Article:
Posts Tagged ‘Stanford’

Michel Serres, Or How Stanford’s Pet Led To Insurrection In France

December 2, 2018

HOW FRENCH “INTELLECTUALS” FOSTERED THE GLOBAL MESS IN FRANCE, WORLD; a broadside against Serres, Michel… And other temples of meekness adulated to the point of brainlessness.

Top thinkers are the most important leaders. Official thinkers lead according to what those in power want, unofficial thinkers lead, ultimately. We are in a world where leadership needs to change in all ways, and right away. Or the world, not just the Champs Elysees, is going to explode. So what the top thinkers think matters more than ever: one can see that the attempt of leading France with a Rothschild banker is not working too well.

Unfortunately honored thinkers are generally rotten to the core, as we will show with the unfortunate Michel Serres below. Make no mistake: Serres is a nice guy, I would enjoy talking to him (but not necessarily as much as the local plumber, as I just did). People such as Serres

For example, Aristotle was, very quickly, much more important than his pupil, Alexander the Great. The executor of Aristotle’s will, Antipater, the most senior of the close-knit group which led Macedonia, made Athens into a plutocracy… something that Alexander had not dared to do. Why was Antipater such a monster? Because Aristotle had persuaded him that monarchy was the best political system (especially when Antipater himself, was the king!) Aristotle destroyed democracy. This is why Aristotle got revered by the Christian-plutocratic leaders, most of the time, and became official thought, to be believed under the penalty of death if not.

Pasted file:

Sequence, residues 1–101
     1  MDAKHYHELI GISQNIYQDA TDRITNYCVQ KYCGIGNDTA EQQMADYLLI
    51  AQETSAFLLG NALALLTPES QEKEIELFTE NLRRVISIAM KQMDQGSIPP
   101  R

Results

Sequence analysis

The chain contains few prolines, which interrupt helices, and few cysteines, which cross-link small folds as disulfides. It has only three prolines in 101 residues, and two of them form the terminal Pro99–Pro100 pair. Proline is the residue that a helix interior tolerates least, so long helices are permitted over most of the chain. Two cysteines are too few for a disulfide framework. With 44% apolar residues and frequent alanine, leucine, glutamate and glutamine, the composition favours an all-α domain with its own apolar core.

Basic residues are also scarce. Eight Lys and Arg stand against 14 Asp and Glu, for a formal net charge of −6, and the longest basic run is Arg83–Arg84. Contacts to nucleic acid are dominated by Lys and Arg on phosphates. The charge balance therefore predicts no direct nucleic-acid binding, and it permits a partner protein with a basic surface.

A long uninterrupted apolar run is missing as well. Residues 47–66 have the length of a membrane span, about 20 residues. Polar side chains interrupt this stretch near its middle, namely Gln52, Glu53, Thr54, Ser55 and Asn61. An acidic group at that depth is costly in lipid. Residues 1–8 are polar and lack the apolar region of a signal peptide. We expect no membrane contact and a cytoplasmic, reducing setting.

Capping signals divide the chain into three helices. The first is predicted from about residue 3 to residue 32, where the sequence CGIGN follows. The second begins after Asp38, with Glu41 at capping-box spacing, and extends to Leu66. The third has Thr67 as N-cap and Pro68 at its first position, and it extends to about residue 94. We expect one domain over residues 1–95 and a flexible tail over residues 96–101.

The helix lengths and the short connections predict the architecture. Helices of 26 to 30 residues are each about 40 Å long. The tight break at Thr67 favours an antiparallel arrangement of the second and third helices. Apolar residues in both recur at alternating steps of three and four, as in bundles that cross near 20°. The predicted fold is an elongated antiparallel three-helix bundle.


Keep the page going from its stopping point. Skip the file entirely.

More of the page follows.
https://patriceayme.wordpress.com/2014/09/28/aristotle-destroyed-democracy/

The result of too much meek, plutophile thinking in France, from all these useless philosophers, among them, Michel Serres. Arc de Triomphe in the smoke behind. A real triumph for France under the leadership of Banque Rothschild.

Another example of intellectual leadership, one of many: one talks of Nero, initially a nice, poetic boy. Starting at age eleven, though, the “stoic” philosopher Seneca became his tutor. Many admire Seneca to this day (especially professional philosophers hoping to make a buck from Seneca’s “stoicism”). Right, Seneca wrote many nice ideas (most of them fairly obvious, hence seductive to the simple ones). Yet, where it really mattered, he was the worst (Seneca’s justifying discourses for the assassination of emperor Claudius, Nero’s adoptive father, and empress Agrippina, Nero’s mother, are among the worst things ever written… and I include in this the worst of the Bible…)   

Saint Louis wrote, and was viewed as an intellectual leader. So was Luther. Both hated Jews, to a point even Hitler never dare to express. Saint Louis and Luther gave birth to the mentality which blossomed with the Holocaust of the Jews (and the holocaust of even more of others…)

https://patriceayme.wordpress.com/2014/01/15/luther-hitler-unelected/

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Michel Serres, or when the naive masses are taught their errors are the way to go:

Technical, but worth noticing: the extremely honored and well-connected French philosopher Michel Serres, one of France’s most prominent dictators of PC ideas, professor at Stanford since 84, “teaches” exactly what the powers that be, want to hear: nothing original, but for spicy details… He reminds me of Michelle Obama getting paid 60 million dollars for relating that incredible exploit, when she prepared herself a peanut sandwich. Imagine, if you can, a goddess, so much above us all, preparing herself a sandwich!